Wednesday, June 25, 2008

Them V's

So ever since I got a job I've been wondering what book I should read at work. I decided that it had to be practical: a paperback that I could easily carry with me. I was already reading Dubliners (see previous post) and I thought it would be fitting: but it turns out it's too big, or rather, too normal-sized for quick-access on breaks or when I'm taking out dogs for walks (I work at a kennel).

I realised that it had to be a compact-paperback, designed for this sort of thing--unfortunately, we haven't figured out how to make them over here in the West, so they're not as common, but I had a few lying around. I chose God Bless You, Mr. Rosewater, by Kurt Vonnegut.

Just to note, I've read Slaughterhouse-Five, Breakfast of Champions, Cat's Cradle, Player Piano, Sirens of Titan, and Galápagos. Normally, I'm a big fan of his work.


But page after page, Kurt Vonnegut decides not to tell a story, but to go on an extended, creative rant about the paradoxes and hypocrises of American life and government. This, in and of itself, does not sound like a bad premise for a rant, or even for a whole book (though it is short to be sure). In fact, it sounds like it could be delicious, but unfortunately, it is not: I sense almost none of Vonnegut's usual sharp wit in Mr. Rosewater and find his thinly-veiled attacks on capitalism (in which he refers knowingly to himself one too many times) uninteresting and pretentious--not at all like similar, subtler attacks made by his idol and perhaps a better writer, Mark Twain.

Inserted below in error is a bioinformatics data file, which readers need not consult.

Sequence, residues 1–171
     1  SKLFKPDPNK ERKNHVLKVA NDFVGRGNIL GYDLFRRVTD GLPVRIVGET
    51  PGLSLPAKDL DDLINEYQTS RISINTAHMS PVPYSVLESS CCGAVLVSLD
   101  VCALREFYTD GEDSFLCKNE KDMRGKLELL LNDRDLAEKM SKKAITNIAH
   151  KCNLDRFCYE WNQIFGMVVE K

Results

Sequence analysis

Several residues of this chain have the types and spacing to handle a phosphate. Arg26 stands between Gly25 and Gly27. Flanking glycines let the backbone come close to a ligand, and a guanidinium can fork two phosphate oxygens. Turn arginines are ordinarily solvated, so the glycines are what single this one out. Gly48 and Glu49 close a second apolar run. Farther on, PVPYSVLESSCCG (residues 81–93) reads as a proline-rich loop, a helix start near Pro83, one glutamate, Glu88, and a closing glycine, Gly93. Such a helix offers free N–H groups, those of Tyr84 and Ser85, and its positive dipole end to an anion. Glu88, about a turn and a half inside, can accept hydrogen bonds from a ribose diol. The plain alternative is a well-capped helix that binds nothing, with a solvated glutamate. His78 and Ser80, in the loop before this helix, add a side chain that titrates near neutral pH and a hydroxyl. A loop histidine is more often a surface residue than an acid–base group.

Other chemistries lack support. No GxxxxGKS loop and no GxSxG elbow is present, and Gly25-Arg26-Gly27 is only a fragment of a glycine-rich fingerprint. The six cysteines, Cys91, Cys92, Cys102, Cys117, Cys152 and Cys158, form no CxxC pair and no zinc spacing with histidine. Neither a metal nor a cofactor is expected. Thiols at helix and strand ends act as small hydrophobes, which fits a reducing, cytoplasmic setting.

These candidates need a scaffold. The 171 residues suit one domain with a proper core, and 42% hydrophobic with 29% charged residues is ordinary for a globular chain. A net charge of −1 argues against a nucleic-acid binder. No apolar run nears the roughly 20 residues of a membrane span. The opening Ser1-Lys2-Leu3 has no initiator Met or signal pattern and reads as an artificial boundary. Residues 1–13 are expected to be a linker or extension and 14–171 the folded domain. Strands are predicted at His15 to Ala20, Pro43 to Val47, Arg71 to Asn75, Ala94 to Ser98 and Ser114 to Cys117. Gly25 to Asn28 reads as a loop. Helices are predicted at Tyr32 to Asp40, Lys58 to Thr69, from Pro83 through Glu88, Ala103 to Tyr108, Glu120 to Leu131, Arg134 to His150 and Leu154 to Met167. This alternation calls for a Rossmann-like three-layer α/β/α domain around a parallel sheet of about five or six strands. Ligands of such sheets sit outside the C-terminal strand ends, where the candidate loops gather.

I am reminded, of all things, of George Carlin (may his godless soul rest in peace), whose "politics" were occasionally spot on but often far too broad and generalising to mean much of anything. And as I read I keep thinking about how much more War with the Newts did with this concept (at least the bumbling bureaucracy/government part). Karel Capek, I have repeatedly told friends, was Kurt Vonnegut 30 years before Kurt Vonnegut was Kurt Vonnegut.

But then I still have a lot to go (I'm only 40 or 50 pages in) and I have to caution that as always I tend to play devil's advocate and let the critic in me scrutinise flaws first and foremost; ultimately I have had a great time with a number of Vonnegut's work and even this one squirms its way into my heart (however difficultly) on occasion. Who knows, maybe I'll feel differently by the end. Ultimately Vonnegut is one of those authors who I know I will read every piece of their ouvre some day, so I think, in the end, he is forgiven this transgression.

Forthcoming: I will soon be reading The True Believer by Eric Hoffer, simply because it is the only other "small paperback" I have. I am looking forward to synergising it with Imagined Communities, which I got at a used bookstore a ways back and has since been sitting on my desk.

Otherwise, I'm almost done with The Christian World (see previous post again), and as predicted, I do have my pet peeves about it, so I will delineate said nitpicking in the next post.

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